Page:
• The mussels are ready when they’ve all opened.

• Lift the lid and scatter the mussels with the chopped parsley.

• Divide the mussels between bowls, adding some cooking liquor to each one.

• Remember to dip your bread in the liquor, and eat with a loud slurping noise.



Tip: Scour the bargain shelves of well-known supermarkets for these little beauties. The great British public are afraid of them, so they tend to leave them for you, or me, to pick up from the “hurry up and eat me” counter.

Flourless chocolate brownies



These are called “flourless” as if they are somehow healthier than your average chocolate brownie…

makes 16 or 20


200g 70% dark chocolate

225g butter

2tsp vanilla extract

200g caster sugar

3 eggs

150g ground almonds

150 walnuts, chopped


• Preheat oven to 170 degrees celcius / gas mark 4

• Grease a 24cm baking tin (a disposable foil one will do)

• Melt the chocolate and butter in a heavy based saucepan over a very low heat. Some people use a bowl over a pan of hot water to do this.


• Take the pan off the heat and mix in vanilla, sugar and let cool for 10 minutes. This should stop the eggs curdling in the next step.

• Break the eggs into a bowl and beat with a fork.

• Add the eggs to the chocolate mixture and stir.


• Add almonds and walnuts and stir mixture until mixed in.


• Pour mixture into the baking tin and spread it to the edges.


• Bake on the middle shelf of the oven for 25-30 minutes.

• Don’t panic even if it looks undercooked when you take it out – the brownies will firm up as they cool.


• After 20 minutes, cut into slices.


• After a further 20 minutes (if you can wait) eat!


Is this strictly a Mediterranean recipe? Not sure, but we love chocolate so what the heck!

Arroz de cabidela


A traditional Portuguese rice and chicken dish


Serves 4


4tbsp olive oil

8 pieces of skinless chicken (thigh or leg is best)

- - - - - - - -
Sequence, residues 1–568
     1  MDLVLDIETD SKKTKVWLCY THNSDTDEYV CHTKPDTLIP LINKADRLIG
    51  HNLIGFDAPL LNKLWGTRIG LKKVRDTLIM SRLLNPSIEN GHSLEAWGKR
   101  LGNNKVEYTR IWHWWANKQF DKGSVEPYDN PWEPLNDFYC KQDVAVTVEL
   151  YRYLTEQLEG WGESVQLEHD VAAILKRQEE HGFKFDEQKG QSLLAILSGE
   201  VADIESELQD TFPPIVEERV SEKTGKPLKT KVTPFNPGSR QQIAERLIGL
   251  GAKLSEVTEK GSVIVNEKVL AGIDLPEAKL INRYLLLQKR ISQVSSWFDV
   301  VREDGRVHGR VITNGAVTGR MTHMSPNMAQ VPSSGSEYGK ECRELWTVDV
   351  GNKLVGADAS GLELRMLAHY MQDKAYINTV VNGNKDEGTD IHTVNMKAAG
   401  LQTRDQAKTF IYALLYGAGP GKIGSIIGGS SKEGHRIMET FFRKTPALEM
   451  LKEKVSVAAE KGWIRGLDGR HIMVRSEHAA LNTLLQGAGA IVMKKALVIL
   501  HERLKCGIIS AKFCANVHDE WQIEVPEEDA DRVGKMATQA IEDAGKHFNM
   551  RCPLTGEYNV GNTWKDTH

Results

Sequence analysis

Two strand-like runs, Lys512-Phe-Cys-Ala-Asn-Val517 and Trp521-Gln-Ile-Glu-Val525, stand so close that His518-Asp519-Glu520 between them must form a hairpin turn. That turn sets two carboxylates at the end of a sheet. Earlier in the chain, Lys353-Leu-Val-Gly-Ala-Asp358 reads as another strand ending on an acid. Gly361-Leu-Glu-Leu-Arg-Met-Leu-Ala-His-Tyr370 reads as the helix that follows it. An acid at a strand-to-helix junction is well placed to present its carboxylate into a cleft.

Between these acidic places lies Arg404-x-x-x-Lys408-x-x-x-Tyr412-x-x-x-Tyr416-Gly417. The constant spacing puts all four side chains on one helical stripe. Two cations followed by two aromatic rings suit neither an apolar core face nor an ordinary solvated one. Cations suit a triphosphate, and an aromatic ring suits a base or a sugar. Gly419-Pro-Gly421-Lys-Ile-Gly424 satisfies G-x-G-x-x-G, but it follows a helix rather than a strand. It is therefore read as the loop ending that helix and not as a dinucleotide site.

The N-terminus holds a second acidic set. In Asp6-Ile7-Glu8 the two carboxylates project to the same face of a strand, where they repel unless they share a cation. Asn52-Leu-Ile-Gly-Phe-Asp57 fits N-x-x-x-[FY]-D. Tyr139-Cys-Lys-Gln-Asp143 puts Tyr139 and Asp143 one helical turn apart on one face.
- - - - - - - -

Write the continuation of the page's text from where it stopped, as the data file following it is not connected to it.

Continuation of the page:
1 medium onion, sliced

2 cloves garlic, chopped finely

1 cup of Basmati rice

1 chicken stock cube

2 large carrots, sliced into 2cm pieces

2 sticks celery, sliced into 2cm pieces

250g brown chestnut mushrooms, cut in half

1 bayleaf

2 sprigs thyme




• Put the oil in a large saucepan (about 25cm diameter) on medium heat for 2 minutes, then add the chicken and lightly brown it for about 10 minutes. Take the chicken out of the pan and put it to one side.

• Turn the heat low and, in the same pan, fry the onions for 10 minutes.

• Add garlic, carrots, celery, mushrooms and cook for a few minutes.


• Place the chicken and juices back in the pan.

• Crumble the stock cube into a cup of boiling water, stir and pour into the pan.

• Add the bay leaf and thyme sprigs to the pan.

• Put a lid on the pan and cook for a further 10 minutes, checking to see that the mixture doesn’t burn.

• Add the rice and 2 cups of water.


• Add salt and pepper to taste.

• Give the mixture a quick stir, replace the lid, and cook for 12-15 minutes on a low to medium heat.

• Towards the end, check whether the rice has absorbed all the liquid.

• Leave pan to stand for 5 minutes, remove lid and serve. Delicioso!


NB. Strictly speaking, you should add chicken blood to this recipe to give it more pungency and a lovely dark mud colour. But we won’t put you through that this time.